5 server virtualization snafus -- and how to handle them

Server virtualization can cause storage problems like I/O bottlenecks or complicated disaster and recovery efforts, but they can be avoided

Some large-scale IT departments are even making a complete switch to technologies like an NFS-NAS setup, which is ready to go into production underneath a virtual infrastructure. "You can store a whole bunch of virtual machines on one storage mount point and not have a lot of complexity around that," says Boles. "There aren't nearly as many headaches as trying to coordinate some of those physical storage resources with a very virtual server infrastructure."

5. Trouble choosing the right kind of networked storage for virtualized servers

Some 18 percent of the storage professionals surveyed said that they can't decide on the right kind of networked storage for virtualized servers. "The right kind of networked storage makes a difference -- because you can scale, and get better performance and more simplicity in your processes [if you choose correctly]," Boles says. But the right solution depends largely on the organization's objectives.

At Purdue University's Krannert School of Management, for instance, the IT department's top priority wasn't 24/7 availability for its virtualized environment, but rather fast recovery time when -- not if -- the system went down, says IT manager Jeff Ellow.

Virtualizing storage-intensive servers without big performance losses requires a level of storage performance that SANs weren't able to achieve. The obvious choice for Purdue seemed to be 10 Gigabit iSCSI, but cost was a deterrent. Purdue ultimately went with LSI 6Gbps SAS switching technologies, which offered the benefits of a failover SAN and the performance of an end-to-end native SAS 6Gbps data path --and which the school could afford.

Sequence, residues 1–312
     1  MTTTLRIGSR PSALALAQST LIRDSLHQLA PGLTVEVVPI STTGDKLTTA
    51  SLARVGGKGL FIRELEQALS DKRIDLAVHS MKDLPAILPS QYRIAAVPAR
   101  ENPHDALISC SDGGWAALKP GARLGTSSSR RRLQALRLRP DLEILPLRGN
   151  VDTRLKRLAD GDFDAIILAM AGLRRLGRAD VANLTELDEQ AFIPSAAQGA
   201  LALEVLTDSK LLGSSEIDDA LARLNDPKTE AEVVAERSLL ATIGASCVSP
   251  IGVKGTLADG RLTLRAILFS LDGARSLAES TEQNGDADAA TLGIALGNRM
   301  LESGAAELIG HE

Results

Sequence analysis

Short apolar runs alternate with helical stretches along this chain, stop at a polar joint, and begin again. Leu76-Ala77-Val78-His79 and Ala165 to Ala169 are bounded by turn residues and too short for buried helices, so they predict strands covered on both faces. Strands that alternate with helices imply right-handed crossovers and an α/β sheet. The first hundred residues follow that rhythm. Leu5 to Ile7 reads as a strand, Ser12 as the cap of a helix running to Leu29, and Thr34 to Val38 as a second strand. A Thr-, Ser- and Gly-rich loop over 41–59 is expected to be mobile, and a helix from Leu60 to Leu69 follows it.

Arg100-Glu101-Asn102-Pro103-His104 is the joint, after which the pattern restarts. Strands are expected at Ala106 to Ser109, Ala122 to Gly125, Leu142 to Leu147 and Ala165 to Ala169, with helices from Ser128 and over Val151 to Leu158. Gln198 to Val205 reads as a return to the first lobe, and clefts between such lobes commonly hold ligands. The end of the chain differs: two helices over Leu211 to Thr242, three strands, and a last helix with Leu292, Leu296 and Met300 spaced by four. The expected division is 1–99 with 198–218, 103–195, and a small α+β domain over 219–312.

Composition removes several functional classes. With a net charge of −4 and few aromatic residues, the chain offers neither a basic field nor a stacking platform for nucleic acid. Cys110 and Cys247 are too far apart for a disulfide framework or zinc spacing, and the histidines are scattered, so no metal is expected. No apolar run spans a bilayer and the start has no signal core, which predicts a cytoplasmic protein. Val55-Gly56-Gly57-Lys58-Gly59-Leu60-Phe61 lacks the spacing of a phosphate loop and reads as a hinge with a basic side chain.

"Even if our SAN goes down, we have enough local storage where we could limp along in another mode. Restoring more quickly is more important than staying up," Ellow says.

How to deal: Before choosing any vendor, be sure you understand the management capabilities, Barnes says. Server and storage virtualization can be simple: "You don't have to be a rocket scientist or have a degree in SAN management to take care of these things," he says.

At the end of the day, Elam says the benefits of virtualization are worth the trouble of grappling with these five challenges. "The pros far outweigh the cons just in its complete ease of use, stability, high availability, being able to replicate and do maintenance during the day, move stuff around as you need to and take hardware offline," he says "There are lots of things you don't have to come in on a weekend to do anymore."

This story, "5 server virtualization snafus -- and how to handle them" was originally published by Computerworld.

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